Behavior interviewing is a new style of interviewing that more and more organizations are using in their hiring process. This method of asking questions focuses on using specific examples of past behavior as a means of predicting future behavior. The STAR Method will help you respond to these types of questions.
Situation: Describe the situation.
Question: Tell me about a time when you provided exceptional customer service?
Situation: Discuss a specific situation or problem that you encountered.
“When I was working at Embassy Suites, I was responsible for booking reception rooms for special events. A woman called two weeks before her daughter’s wedding to cancel her reservation for the reception room due to a death in the family.”
Task: What needed to be done?
Question: Tell me about a time when you provided exceptional customer service?
Task: Explain the task that you had to complete or the ideas you used for resolving the problem.
“The customer was obviously very upset and I knew it was my job to carry out the proper procedures for canceling a room, as well as provide excellent customer service and put her mind at ease about the reception arrangements.”
Action: What did you do?
Question: Tell me about a time when you provided exceptional customer service?
Action: Tell specific actions which you took, steps you followed, obstacles you had to overcome, etc.
“Deposits are generally non-refundable due to the loss of revenue, but since the event was still 2 weeks away, I felt certain I could book another event. I checked with my manager to see if we could refund the customer’s deposit if I was able to do so. We were able to rebook the room with another event, return her full deposit, and I assured her we could reschedule the reception whenever the family was ready.”
Result: What happened?
Question: Tell me about a time when you provided exceptional customer service?
Result: Highlight outcomes, goals achieved, accomplishments, etc.
“The customer wasn’t expecting to get any money back and was very surprised and relieved. She wrote a very nice thank-you letter to my manager complementing the way I handled the situation and my manager commended me for taking initiative with the customer.”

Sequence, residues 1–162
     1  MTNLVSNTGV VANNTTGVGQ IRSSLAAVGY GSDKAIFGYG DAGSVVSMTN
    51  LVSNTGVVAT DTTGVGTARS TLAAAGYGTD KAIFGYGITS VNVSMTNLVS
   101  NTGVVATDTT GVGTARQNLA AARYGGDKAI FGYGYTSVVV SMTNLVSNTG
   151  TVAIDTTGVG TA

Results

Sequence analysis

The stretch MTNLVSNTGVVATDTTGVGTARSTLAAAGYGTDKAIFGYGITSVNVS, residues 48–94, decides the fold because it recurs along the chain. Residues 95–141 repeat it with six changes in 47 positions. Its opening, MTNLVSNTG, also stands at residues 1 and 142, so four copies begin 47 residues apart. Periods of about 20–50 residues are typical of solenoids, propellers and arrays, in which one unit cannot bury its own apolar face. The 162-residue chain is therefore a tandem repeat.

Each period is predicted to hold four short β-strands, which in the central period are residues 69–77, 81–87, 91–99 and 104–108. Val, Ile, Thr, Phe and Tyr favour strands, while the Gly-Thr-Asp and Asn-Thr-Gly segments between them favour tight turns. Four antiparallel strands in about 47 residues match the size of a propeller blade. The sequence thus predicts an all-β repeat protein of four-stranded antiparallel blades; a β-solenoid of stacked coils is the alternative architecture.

- Responses need to be specific and detailed. Tell briefly about a situation that relates to the question. Include the task, what you did, and the positive result or outcome.
- The interviewer can ask more questions such as “What were you thinking at that point?” or “Lead me through your decision process.”
- Always listen carefully to the question, ask for clarification if necessary, and make sure you answer the question completely.
- When preparing for the interview, identify examples of situations where you have demonstrated the behaviors desired by a company/organization.
- Prepare success stories. The stories should represent your skills, qualities, and characteristics. Always give examples of your strengths and successes.
- Refresh your memory regarding your achievements in the past couple of years. Use examples from past internships, classes, activities, team involvement, community service, and work experience.
- In addition, you may use examples you are especially proud of, such as: winning a marathon race, exhibiting paintings in an art show, running for student government, etc.
Skills Test Interviews are when job candidates are brought in to perform a series of tasks in order to test a multitude of skills and behaviors that candidates have. Normally these tasks are very specific to the position/industry, but we'll cover a few tasks that aren't.
- Teamwork: If any tasks requires or even gives the opportunity for you to work with someone else, then be aware that you are being closely watched to see what kind of teamwork skills you have. This can cover everything team related like: leadership, delegation, networking, conflict resolution, respect to authority, and ability to follow.